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January 2nd, 2010

[info]chaosmanor07:48 am
Title: The Menagerie
Fandom: Mythbusters
Rating: Teen audiences
Pairing: Tory/Kari/Grant
Warnings: None
Disclaimer: Disclaimer: This is a non-profit, non-commercial work of fiction using the names and likenesses of real individuals. This fictional story is not intended to imply that the events herein actually occurred, or that the attitudes or behaviors described are engaged in or condoned by the real persons whose names are used without permission.
Summary: The Build Team isn't really working on animatronic giant jackrabbits. Kari, Tory and Grant just want Adam to think they are.

Betaed by [personal profile] fred_mouse.
Written for Aisy, as part of Yuletide 2009

Grant was piecing together circuits, and Tory was driving the circular saw when the factory phone rang.

This meant that Kari had to answer it, even though she had welding gloves on and couldn't actually use her hands.

"What?" she said into the speaker phone, after whacking the phone buttons at random.

"How's the build going?" Jamie asked.

"Tory set fire to himself," Kari said. "Grant's things don't work, and my structural bits aren't structural. So, you know, same as usual."

"Good," Jamie said. "Keep—"

"Hi, Kari," Adam said, and the phone crackled as someone at the other end switched that phone over to speaker function as well. "What are you doing still working? Jamie told me you'd all gone home."

"We were going to," Kari said. "Then, ah, Grant's thing failed on the final testing, so we're staying back to get it working."

If Kari looked across the workshop, she was reasonably sure she'd see Grant and Tory miming 'getting Grant's thing working again,' which would render her useless for the rest of the conversation with their bosses, so she kept her eyes glued on the production calendar stuck to the wall beside the phone.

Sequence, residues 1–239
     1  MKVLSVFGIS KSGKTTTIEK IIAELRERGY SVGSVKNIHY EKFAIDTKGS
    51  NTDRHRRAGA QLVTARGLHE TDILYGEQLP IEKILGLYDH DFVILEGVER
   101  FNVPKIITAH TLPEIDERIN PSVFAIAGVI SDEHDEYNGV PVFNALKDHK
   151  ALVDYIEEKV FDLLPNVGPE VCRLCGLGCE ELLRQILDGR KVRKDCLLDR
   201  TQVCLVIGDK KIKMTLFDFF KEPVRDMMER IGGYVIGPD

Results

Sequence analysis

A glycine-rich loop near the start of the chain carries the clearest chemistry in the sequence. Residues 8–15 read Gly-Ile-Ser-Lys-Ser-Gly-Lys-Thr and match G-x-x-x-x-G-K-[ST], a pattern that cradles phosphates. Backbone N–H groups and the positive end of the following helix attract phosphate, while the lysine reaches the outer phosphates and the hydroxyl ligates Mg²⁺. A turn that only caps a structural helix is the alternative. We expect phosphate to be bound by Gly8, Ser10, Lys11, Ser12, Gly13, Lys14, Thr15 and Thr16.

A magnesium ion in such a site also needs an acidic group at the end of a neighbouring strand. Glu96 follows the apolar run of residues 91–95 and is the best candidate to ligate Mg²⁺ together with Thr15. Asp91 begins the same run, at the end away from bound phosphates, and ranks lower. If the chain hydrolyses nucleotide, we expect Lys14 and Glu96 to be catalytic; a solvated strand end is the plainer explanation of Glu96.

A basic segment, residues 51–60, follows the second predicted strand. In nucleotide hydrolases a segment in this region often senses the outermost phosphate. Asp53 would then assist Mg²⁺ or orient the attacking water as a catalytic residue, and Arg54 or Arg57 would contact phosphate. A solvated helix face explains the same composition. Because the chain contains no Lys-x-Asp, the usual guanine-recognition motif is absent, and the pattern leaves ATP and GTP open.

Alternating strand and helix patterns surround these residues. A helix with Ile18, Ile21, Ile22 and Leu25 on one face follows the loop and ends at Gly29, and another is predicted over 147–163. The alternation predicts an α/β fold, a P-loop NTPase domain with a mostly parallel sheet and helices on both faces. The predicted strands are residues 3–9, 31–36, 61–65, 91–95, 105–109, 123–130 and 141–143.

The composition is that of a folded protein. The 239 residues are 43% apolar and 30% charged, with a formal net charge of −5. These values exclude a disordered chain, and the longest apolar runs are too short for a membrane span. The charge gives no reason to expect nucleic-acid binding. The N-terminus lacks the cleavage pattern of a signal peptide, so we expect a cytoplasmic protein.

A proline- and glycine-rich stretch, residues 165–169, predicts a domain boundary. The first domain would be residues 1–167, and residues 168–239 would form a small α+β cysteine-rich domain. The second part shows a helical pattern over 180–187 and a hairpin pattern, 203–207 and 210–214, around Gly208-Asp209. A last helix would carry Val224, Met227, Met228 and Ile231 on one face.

"What are you all working on?" Adam asked. "I've lost track. It's not that exploding meatball still?"

"They're building a giant jackrabbit," Jamie said, and Kari closed her eyes and leaned against the workbench.

Not a giant jackrabbit. Please, no.

"What?" Adam asked. "Which myth is that for?"

"Don't you remember?" Kari asked.

"For the one about the jackrabbit and the kangaroo," Jamie added.

Behind her, Grant said, "Nooooo," hopefully quietly enough not to be picked up by the mike on the phone.

"And I vetoed using a real kangaroo," Kari said. "Animal cruelty and all that."

"And of course, a giant jackrabbit would have to be a robot," Jamie added. "So they're building them, to race them."

Kari turned around, to share looks of horror with the others. Grant was smacking himself in the head repeatedly with a miniature torque wrench, and Tory was pushing a road safety cone down his jeans.

"Awesome," Adam said.

"Except we're having technical problems," Kari said.

"How bad?" Jamie asked.

Grant put down the torque wrench and waggled one hand, then held out four fingers. If it had been really bad, it would have been two fingers, with the back of his hand toward her, so Kari felt confident in saying, "Electronics will be done tonight. Structural work is…"

Tory tossed aside the safety cone and shrugged. No fingers from him, so no estimate, either good or bad.

"Structural work is uncertain. We'll keep going."

"Okay," Jamie said, and the phone went dead.

"Jackrabbits? Adam is going to want me to build jackrabbits for certain, once this is all over," Grant said, sinking into the chair beside his robotics construction bench.

"Unless we don't make the deadline, and we all get fired," Kari said, knowing she sounded far too cheerful at the prospect. "Then we won't have to build any more stupid personalized projects for anyone, ever again."

"Weld faster," Tory said. "I can't put the shell on, until you've made the frame."

"Caffeine?" Grant asked. "Is someone going to do a burger and soda run soon? I'm not working all night on just the contents of the M7 fridge."

The three of them paused, Grant holding a miniature soldering iron, Kari her welding mask, and Tory a hammer, and Grant said, "Soldering iron and welding mask beats hammer, so Tory has to go."

An hour later, Kari switched off her oxy gear and nodded with satisfaction. The frame for the chair was done. She'd made it strong enough to hold two people, after an unfortunate incident at the staff Christmas party the year before had proved that assuming chairs were for solo use was erroneous.

Tory swooped on the chair frame, pre-cut slabs of MDF in his hands, ready to assemble, muttering under his voice about deadlines. Kari pulled off her welding apron and hung it up, tiredness prickling at her skin.

"Ready with the electronics?" Tory called out, taking the drill out of his tool belt. "I'm minutes away from done here.

Grant slung an arm around Kari's shoulders, and she leaned against him tiredly.

"All good here," Grant said. "Just leave the top panels off the arms for me."